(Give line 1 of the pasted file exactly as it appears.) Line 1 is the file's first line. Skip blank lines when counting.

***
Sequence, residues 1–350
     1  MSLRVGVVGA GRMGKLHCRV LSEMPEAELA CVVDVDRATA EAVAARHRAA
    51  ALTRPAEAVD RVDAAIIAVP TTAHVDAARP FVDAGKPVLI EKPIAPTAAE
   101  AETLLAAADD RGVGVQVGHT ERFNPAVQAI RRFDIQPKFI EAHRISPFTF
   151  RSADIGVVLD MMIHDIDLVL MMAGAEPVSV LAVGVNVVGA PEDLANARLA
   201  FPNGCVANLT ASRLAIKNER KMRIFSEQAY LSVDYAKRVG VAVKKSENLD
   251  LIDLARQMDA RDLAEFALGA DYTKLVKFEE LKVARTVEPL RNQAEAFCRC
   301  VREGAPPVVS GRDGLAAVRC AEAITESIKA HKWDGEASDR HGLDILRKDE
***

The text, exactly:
Sequence, residues 1–350